Australian National University (ANU) researcher, Dr Jillian Guthrie, has been appointed a Member of the Order of Australia (AM) for her significant service to Indigenous health and justice reinvestment policy.
Dr Guthrie is a descendant of the Wiradjuri people of western NSW and has lived on Ngunnawal country, in Canberra, for over 20 years, working on health-related research projects with a particular focus on the relationship between criminal justice and health.
Dr Guthrie says she was surprised but thrilled when she was told she would be receiving the Order of Australia for her work.
“I acknowledge that these awards really recognise and represent all the people that I’ve worked with as well around these projects that I’ve been involved in,” she said.
“I feel that I was just simply doing what I set out to do…I also acknowledge these awards are a kind of platform for promoting the kind of work I’ve been involved in with my colleagues” she said.
In March 2009, Dr Guthrie was appointed as a Research Fellow at the Australian Institute of Aboriginal and Torres Strait Islander Studies (AIATSIS) in Canberra. She is also a member of the NHMRC-funded Indigenous Offender Health Research Capacity Building Group (IOHR-CBG). During her time at the Australian National University and in her other appointments, she has researched and written extensively about the need for more efforts to be made by states and territories to divert Indigenous offenders from prison.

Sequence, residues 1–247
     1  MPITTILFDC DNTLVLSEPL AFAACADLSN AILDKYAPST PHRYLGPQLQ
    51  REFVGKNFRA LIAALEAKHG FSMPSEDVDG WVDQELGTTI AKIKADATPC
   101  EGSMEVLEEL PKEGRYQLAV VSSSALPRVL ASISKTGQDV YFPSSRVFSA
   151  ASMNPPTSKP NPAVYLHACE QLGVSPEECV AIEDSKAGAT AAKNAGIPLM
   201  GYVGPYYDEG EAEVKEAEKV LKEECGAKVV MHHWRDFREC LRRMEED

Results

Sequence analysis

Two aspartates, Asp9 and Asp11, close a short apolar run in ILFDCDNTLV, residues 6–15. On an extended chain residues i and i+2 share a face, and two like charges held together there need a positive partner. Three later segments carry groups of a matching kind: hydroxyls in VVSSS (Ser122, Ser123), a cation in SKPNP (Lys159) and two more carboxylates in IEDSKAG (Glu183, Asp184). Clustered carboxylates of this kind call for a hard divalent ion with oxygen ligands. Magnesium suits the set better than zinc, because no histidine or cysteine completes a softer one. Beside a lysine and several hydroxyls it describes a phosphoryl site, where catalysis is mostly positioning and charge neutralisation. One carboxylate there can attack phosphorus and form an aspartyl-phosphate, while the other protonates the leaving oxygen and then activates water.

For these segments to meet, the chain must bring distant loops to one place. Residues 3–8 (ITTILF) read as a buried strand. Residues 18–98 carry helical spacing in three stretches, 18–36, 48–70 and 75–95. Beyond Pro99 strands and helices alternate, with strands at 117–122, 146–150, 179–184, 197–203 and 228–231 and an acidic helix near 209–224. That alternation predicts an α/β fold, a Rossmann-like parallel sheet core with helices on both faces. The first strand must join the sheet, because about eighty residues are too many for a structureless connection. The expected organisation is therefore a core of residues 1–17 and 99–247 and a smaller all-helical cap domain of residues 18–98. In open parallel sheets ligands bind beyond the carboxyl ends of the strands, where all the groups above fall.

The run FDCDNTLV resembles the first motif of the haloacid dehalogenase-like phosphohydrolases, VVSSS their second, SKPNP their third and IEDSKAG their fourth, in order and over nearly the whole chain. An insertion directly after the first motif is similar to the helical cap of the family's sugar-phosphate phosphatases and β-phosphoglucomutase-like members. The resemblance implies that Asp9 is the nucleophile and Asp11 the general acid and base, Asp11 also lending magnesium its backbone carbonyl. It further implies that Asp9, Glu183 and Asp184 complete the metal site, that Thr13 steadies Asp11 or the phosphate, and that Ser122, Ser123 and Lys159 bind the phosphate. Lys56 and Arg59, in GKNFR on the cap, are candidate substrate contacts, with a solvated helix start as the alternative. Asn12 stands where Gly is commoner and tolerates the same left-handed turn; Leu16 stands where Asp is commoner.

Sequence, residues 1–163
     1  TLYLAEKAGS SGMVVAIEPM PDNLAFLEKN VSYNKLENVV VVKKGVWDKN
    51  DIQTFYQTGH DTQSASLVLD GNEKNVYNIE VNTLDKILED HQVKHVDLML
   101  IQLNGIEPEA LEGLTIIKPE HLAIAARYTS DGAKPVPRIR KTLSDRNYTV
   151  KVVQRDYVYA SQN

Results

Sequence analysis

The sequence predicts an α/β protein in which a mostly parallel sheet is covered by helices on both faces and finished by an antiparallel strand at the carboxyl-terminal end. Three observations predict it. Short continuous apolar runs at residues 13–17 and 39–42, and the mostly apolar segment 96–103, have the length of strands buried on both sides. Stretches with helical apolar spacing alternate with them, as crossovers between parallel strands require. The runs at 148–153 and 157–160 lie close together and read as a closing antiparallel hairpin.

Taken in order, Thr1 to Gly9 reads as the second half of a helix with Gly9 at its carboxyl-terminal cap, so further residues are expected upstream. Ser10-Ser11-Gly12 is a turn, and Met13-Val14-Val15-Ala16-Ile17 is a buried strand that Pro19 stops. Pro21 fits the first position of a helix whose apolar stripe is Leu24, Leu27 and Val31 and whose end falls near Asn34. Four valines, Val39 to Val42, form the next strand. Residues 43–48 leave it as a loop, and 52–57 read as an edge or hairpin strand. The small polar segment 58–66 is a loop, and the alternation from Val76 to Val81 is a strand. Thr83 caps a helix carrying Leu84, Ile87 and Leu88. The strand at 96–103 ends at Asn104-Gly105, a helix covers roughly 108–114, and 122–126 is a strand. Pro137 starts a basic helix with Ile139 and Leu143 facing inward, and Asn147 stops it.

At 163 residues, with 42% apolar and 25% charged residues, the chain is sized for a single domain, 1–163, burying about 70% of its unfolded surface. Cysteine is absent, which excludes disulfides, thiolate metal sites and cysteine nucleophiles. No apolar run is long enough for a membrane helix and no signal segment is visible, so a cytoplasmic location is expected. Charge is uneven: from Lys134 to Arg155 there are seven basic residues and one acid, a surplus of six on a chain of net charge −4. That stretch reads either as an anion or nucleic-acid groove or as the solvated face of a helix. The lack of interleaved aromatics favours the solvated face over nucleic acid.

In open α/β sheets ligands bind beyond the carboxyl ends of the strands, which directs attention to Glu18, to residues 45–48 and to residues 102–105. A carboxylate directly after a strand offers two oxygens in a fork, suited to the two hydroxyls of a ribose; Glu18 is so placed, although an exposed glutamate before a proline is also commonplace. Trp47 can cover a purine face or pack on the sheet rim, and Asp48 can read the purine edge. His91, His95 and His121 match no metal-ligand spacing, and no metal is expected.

Recent statistics from the ACT Council of Social Service revealed that Youth incarceration rate in ACT is the highest it has been in five years, as Indigenous children are locked up at 18 times the rate of non-indigenous children. This is the highest rate in Australia.
“I find it quite shocking really, we have to work as a community to address that,” said Dr Guthrie.
One of her most recent projects with ANU explores the potential of justice reinvestment in Cowra, New South Wales. Dr Guthrie was the principal investigator and worked with the communities to gain an understanding of what that might mean to them.
“It is about communities being enabled to not send their people away, particularly their young people, for crimes that are low level crimes… That’s one project that I guess I am most proud of in recent years.”
Some of her other work includes volunteering for Orange Sky Laundry, a mobile laundry and shower service.
“Orange Sky Laundry is a national, community initiative where we, as volunteers, go out and provide friendship and companionship with people who are doing it tough,”
“There are some fantastic vans that are set up with industrial strength washing machines and driers. We provide that kind of service, but in a way that’s secondary to providing some social contact for those people,” she said.
Dr Guthrie has worked in Indigenous health for close to 30 years and she said receiving the honour is opening a platform for “bringing other Indigenous students along” from ANU.
“I have the opportunity here to work with Indigenous epidemiologists and medical students and researchers and I think it’s a great way of creating a space for more indigenous scholars to come along.”